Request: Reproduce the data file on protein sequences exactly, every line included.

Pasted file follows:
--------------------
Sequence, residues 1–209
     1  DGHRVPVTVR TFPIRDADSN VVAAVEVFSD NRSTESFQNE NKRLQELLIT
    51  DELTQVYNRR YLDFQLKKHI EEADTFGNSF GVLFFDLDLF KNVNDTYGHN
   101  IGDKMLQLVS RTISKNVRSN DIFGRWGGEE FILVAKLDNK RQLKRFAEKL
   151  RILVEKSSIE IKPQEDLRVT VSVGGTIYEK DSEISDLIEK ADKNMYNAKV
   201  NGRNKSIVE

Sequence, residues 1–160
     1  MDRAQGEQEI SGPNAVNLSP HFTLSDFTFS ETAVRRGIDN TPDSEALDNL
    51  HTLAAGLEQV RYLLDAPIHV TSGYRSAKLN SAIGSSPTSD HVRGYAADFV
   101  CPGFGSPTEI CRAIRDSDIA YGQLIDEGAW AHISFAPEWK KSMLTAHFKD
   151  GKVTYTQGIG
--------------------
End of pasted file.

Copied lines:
Sequence, residues 1–209
     1  DGHRVPVTVR TFPIRDADSN VVAAVEVFSD NRSTESFQNE NKRLQELLIT
    51  DELTQVYNRR YLDFQLKKHI EEADTFGNSF GVLFFDLDLF KNVNDTYGHN
   101  IGDKMLQLVS RTISKNVRSN DIFGRWGGEE FILVAKLDNK RQLKRFAEKL
   151  RILVEKSSIE IKPQEDLRVT VSVGGTIYEK DSEISDLIEK ADKNMYNAKV
   201  NGRNKSIVE

Sequence, residues 1–160
     1  MDRAQGEQEI SGPNAVNLSP HFTLSDFTFS ETAVRRGIDN TPDSEALDNL
    51  HTLAAGLEQV RYLLDAPIHV TSGYRSAKLN SAIGSSPTSD HVRGYAADFV
   101  CPGFGSPTEI CRAIRDSDIA YGQLIDEGAW AHISFAPEWK KSMLTAHFKD
   151  GKVTYTQGIG